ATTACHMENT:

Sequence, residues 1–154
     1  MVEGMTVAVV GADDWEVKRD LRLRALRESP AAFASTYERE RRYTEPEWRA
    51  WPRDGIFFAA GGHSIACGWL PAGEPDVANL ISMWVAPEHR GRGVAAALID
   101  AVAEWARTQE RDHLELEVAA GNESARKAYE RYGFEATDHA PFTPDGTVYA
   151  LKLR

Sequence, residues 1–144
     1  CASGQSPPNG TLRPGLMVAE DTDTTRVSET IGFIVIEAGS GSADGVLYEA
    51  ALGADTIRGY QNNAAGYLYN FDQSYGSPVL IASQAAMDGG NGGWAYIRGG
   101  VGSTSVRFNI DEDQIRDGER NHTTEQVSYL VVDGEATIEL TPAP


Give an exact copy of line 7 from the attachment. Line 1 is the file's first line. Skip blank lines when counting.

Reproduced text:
     1  CASGQSPPNG TLRPGLMVAE DTDTTRVSET IGFIVIEAGS GSADGVLYEA